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Tawakoni Indians

Posted By Dennis Partridge On In Native American,Oklahoma,Texas | No Comments

Tawakoni Indians. Said to refer to “a river bend among red hills,” or “neck of land in the water.” The synonyms should not be confounded with those of the Tonkawa. Also called:

  • Three Canes, an English form resulting from a mistaken attempt to translate the French spelling of their name, Troiscannes.

Tawakoni Connections. The Tawakoni belonged to the Caddoan linguistic stock and were most closely connected with the Wichita, the two languages differing but slightly.

Tawakoni Location. They were on the Canadian River about north of the upper Washita. (See also Texas.)

Tawakoni Villages

  • Flechazos, on the west side of Brazos River near the present Waco.

Tawakoni History. The Tawakoni were first met in the above location in company with the Wichita and other related tribes. Within the next 50 years, probably as a result of pressure on the part of more northerly peoples, they moved south and in 1772 they were settled in two groups on Brazos and Trinity Rivers, about Waco and above Palestine. By 1779 the group on the Trinity had rejoined those on the Brazos. In 1824 part of the Tawakoni were again back on Trinity River. In 1855 they were established on a reservation near Fort Belknap on the Brazos, but in 1859 were forced, by the hostility of the Texans, to move north into southwestern Oklahoma, where they were officially incorporated with the Wichita.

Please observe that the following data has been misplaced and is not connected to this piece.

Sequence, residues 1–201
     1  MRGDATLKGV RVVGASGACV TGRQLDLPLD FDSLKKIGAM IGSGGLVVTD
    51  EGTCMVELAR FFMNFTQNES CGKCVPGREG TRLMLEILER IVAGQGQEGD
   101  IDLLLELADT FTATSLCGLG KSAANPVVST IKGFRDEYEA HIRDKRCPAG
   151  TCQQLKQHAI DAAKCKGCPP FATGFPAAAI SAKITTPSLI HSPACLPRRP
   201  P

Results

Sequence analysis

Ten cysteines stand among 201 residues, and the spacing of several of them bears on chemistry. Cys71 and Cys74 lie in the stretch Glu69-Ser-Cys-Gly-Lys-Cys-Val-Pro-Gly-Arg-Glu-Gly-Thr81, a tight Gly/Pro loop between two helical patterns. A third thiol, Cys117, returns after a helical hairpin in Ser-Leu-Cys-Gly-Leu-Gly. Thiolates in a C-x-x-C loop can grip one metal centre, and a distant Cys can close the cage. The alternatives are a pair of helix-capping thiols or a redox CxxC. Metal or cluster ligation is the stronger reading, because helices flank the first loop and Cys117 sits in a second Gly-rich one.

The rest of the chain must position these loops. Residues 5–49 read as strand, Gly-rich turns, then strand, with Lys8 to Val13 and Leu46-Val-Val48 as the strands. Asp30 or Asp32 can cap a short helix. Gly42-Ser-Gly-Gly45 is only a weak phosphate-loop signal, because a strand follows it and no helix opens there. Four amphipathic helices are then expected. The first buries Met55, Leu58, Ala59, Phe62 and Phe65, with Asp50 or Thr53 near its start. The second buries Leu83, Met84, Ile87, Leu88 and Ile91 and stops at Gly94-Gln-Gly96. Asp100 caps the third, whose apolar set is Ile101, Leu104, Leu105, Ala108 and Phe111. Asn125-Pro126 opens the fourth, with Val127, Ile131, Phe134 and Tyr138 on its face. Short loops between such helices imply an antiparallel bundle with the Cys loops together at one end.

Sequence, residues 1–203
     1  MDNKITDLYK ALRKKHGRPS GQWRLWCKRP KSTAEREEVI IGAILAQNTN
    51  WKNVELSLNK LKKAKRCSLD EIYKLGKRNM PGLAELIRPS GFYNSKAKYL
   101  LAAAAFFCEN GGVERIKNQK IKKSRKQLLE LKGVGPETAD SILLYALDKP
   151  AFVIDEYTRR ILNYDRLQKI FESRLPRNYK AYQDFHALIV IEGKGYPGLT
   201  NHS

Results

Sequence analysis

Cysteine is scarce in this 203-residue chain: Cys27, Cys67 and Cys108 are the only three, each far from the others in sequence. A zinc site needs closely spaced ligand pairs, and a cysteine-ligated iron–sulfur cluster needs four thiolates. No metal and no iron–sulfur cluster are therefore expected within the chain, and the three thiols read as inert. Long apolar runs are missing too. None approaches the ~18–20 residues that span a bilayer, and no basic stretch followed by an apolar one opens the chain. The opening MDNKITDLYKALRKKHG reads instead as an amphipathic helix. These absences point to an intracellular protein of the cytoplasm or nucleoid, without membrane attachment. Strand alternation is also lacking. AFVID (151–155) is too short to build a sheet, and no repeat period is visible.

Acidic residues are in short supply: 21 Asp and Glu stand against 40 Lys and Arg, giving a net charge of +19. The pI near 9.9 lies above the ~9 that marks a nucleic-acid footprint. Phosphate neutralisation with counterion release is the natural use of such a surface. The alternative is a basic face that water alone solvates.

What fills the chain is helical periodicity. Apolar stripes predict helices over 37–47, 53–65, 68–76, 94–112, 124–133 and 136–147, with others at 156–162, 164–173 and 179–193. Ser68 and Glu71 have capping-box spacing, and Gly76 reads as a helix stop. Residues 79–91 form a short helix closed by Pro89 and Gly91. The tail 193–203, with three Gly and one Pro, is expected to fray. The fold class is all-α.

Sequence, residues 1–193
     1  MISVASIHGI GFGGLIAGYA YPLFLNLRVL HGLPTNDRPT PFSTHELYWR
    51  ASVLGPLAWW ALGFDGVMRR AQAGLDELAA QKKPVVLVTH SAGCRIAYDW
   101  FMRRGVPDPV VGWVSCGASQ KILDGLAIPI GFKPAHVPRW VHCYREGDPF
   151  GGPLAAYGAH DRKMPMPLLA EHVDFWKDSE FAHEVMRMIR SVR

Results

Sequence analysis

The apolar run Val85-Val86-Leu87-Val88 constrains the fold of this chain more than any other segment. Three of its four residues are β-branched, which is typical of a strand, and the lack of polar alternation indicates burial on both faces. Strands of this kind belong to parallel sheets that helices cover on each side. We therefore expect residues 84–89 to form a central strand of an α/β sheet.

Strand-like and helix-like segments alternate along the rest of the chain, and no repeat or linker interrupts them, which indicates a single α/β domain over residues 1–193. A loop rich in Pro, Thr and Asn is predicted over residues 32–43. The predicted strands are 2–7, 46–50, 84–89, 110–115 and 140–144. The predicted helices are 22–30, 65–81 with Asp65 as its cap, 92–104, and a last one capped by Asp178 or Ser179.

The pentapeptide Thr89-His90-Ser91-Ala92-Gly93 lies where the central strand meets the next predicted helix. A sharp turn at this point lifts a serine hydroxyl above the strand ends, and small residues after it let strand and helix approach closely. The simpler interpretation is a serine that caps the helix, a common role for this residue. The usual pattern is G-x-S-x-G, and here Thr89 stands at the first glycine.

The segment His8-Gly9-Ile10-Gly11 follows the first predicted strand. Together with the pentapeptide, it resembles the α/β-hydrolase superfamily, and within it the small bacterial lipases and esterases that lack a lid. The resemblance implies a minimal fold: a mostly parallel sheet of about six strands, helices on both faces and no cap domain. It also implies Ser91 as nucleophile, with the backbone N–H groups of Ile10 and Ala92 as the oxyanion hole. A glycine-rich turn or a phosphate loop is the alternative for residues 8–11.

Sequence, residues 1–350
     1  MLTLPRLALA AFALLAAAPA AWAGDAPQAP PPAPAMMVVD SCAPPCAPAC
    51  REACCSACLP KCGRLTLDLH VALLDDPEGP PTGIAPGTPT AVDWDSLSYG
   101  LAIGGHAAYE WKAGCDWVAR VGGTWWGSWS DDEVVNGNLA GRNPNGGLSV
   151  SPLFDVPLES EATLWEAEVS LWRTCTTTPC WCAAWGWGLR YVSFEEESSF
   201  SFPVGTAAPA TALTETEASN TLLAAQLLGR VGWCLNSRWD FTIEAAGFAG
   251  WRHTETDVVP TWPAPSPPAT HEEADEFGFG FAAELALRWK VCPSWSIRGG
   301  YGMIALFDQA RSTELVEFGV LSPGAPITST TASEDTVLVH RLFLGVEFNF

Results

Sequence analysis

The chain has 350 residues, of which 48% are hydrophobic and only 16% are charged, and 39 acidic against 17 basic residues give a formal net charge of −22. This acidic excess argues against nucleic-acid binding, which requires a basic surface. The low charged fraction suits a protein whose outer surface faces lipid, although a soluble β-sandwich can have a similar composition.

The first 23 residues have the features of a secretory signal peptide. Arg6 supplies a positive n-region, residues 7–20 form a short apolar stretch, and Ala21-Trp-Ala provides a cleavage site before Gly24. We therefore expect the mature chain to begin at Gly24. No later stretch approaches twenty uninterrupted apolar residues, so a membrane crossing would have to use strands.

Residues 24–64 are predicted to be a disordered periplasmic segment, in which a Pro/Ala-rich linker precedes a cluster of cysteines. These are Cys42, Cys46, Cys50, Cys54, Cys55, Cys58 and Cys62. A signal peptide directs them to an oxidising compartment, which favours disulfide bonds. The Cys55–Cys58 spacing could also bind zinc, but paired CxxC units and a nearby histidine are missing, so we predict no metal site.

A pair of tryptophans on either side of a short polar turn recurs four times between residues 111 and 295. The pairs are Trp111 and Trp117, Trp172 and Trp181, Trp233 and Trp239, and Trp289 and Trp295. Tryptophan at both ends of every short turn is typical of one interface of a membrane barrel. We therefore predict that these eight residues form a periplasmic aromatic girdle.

Tawakoni Population. Mooney (1928) includes the Tawakoni among the Wichita (q. v.). In 1772 Mezieres reported 36 houses and 120 warriors in the Trinity village and 30 families in the Brazos village, perhaps 220 warriors in all. In 1778?79 he reported that these two towns, then on the Brazos, contained more than 300 warriors. Sibley (1832) reported that in 1805 the Tawakoni, probably including the Waco, numbered 200 men. In 1859 they were said to number 204 exclusive of the Waco. The census of 1910 records only a single survivor of this tribe.


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